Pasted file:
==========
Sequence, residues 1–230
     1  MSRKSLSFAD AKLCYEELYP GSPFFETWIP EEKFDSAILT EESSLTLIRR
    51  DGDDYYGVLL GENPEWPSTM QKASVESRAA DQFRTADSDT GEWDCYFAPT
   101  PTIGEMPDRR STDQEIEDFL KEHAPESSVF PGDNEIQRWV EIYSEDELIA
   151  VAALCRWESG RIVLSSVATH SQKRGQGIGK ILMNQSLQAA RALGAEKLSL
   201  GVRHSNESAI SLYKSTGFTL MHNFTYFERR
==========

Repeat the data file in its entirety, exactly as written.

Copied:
Sequence, residues 1–230
     1  MSRKSLSFAD AKLCYEELYP GSPFFETWIP EEKFDSAILT EESSLTLIRR
    51  DGDDYYGVLL GENPEWPSTM QKASVESRAA DQFRTADSDT GEWDCYFAPT
   101  PTIGEMPDRR STDQEIEDFL KEHAPESSVF PGDNEIQRWV EIYSEDELIA
   151  VAALCRWESG RIVLSSVATH SQKRGQGIGK ILMNQSLQAA RALGAEKLSL
   201  GVRHSNESAI SLYKSTGFTL MHNFTYFERR